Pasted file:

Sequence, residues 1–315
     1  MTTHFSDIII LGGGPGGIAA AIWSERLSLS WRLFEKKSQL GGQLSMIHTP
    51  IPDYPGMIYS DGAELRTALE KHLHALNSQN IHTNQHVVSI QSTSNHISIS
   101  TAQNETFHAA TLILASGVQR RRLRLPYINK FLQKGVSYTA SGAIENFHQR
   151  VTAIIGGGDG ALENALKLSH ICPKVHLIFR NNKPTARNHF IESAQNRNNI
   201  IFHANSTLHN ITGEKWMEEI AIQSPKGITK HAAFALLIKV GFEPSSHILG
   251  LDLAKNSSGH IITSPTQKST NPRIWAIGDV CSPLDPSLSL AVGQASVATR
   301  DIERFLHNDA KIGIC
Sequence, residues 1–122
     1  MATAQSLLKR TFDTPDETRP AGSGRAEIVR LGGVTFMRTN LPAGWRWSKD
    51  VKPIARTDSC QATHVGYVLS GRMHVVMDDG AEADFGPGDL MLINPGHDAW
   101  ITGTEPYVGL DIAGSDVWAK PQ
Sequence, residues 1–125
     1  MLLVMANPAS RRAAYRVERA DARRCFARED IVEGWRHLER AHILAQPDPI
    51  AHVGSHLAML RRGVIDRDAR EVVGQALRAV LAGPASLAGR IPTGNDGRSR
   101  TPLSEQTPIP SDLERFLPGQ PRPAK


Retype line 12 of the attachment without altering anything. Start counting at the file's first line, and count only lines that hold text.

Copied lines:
   101  ITGTEPYVGL DIAGSDVWAK PQ